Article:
One of the crucial goals of these new formulas was to nurture ways of entertaining children that still protected them from the perceived physical and moral dangers of exposure to unregulated urban commerce. Consequently, most post-Civil War American children’s literature romanticized rural life and expressed misgivings about the propriety of young people living in cities. A century later, the Star Wars movies maintained these perspectives. The stories of Luke and Anakin’s migrations from the hinterland of Tatooine into the heart of the Empire (or in Anakin’s case, the Republic) parallel those of young men traveling from countryside to city that regularly filled the pages of the Companion and St. Nicholas from the 1870s through the 1890s. In both cases, cities are seats of corruption, while more isolated environments are places of safety, learning, and contentment for young people. Luke begins his training with Obi-Wan Kenobi on Tatooine and culminates it with Yoda on the similarly remote planet of Dagobah. Even Anakin and Padmé’s romance in Attack of the Clones occurs on the lush peripheral planet of Naboo. Although this terribly awkward storyline addresses a subject generally not incorporated into either children’s literature or Star Wars movies, it reinforces a broader formulaic message that impatient and overly ambitious young men’s desire to engage in the dangerous complexities of life beyond their rural oases jeopardizes their happiness and safety.
Indeed, the impatience of Luke and arrogance of Anakin in the Star Wars films mirror the types of dangerous traits that late nineteenth-century authors embedded in their young male protagonists. In both the movies and the earlier children’s stories, such flaws served to highlight the susceptibility of young people’s inchoate moral characters to the dangers of unregulated urban and industrial cultures. Sometimes, as in the original Star Wars trilogy, the young man’s education and skills – particularly technological skills, such as Luke’s expertise as a pilot – enable him to transcend the temptations of immorality. Other stories portray promising young men like Anakin descending into corruption and death.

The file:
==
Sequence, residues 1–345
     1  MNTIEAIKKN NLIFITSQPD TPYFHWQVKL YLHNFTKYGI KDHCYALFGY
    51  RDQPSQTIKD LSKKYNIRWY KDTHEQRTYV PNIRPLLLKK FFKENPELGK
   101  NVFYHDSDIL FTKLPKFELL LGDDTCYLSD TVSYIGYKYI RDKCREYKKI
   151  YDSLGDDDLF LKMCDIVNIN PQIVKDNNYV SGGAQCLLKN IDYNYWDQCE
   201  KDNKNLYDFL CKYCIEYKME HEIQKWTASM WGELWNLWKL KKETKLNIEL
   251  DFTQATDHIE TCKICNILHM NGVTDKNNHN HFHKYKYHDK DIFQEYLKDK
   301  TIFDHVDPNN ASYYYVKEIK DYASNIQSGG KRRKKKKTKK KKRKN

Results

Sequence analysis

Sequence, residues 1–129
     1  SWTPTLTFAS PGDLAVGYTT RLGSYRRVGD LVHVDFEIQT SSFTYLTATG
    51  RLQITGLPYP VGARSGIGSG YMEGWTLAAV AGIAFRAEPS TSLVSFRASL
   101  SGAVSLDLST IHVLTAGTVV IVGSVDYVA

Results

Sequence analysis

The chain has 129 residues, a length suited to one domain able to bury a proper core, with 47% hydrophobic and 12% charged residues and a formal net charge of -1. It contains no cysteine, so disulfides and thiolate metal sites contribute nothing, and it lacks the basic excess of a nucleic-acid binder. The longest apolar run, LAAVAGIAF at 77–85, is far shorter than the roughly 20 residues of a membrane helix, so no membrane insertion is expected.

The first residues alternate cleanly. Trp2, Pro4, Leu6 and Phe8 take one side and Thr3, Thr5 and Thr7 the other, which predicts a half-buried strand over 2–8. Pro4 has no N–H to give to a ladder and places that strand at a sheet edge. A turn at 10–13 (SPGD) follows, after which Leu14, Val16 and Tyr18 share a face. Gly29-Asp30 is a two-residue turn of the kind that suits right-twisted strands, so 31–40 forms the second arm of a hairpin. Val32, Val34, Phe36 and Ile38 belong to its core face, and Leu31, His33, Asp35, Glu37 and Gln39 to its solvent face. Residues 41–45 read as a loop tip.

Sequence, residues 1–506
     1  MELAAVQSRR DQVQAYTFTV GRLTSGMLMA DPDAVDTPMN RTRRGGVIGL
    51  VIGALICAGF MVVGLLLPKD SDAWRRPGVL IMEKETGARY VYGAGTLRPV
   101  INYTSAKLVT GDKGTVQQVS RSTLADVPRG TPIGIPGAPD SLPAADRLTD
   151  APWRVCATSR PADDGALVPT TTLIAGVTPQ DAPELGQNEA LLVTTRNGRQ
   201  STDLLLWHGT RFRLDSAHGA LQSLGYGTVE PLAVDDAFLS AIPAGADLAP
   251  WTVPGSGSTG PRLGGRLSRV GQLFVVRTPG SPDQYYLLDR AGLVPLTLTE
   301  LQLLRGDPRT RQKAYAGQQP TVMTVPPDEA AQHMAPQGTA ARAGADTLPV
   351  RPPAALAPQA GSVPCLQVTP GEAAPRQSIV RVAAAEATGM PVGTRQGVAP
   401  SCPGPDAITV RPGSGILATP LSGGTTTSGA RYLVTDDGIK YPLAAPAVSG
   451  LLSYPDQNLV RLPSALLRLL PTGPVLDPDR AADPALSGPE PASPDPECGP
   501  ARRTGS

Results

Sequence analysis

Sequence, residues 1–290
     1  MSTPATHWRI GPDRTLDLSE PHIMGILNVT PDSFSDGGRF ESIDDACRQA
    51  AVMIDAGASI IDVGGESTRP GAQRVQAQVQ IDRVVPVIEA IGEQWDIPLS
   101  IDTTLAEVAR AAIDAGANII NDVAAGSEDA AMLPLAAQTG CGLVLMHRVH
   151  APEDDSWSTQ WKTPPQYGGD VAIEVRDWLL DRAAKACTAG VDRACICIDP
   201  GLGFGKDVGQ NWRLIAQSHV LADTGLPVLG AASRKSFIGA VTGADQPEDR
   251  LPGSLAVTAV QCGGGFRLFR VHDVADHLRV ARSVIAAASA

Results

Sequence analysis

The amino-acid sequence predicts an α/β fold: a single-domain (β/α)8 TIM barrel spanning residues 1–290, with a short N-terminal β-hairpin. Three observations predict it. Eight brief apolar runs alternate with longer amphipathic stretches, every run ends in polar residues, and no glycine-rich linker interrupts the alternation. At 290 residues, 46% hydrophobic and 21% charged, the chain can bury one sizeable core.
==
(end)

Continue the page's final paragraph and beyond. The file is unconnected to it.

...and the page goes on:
Identifying these and other parallels between the Star Wars films and nineteenth-century children’s literature is more than just a fun parlor game for history and sci-fi nerds. It’s an indication of how little the moral expectations for children’s entertainment changed over the course of 150 years, even as the means of delivering that entertainment have increased so dramatically. These expectations derived largely from families seeking to shape the nature of their children’s consuming habits, and they predate and survive the twentieth-century expansions of corporate marketing to children that so many commentators have bemoaned. Thus when parents like me walk into a store and complain about the conflicts that omnipresent Star Wars merchandise create with children who beg for the newest action figure or t-shirt, we can place some of the blame on Disney. But perhaps we should also assign some of the responsibility – at least for the nature of those products – to ourselves.
Paul Ringel is an Associate Professor of History at High Point University in North Carolina. His book, Commercializing Childhood: Children’s Magazines, Urban Gentility, and the Ideal of the American Child, 1823-1918, was published in October 2015.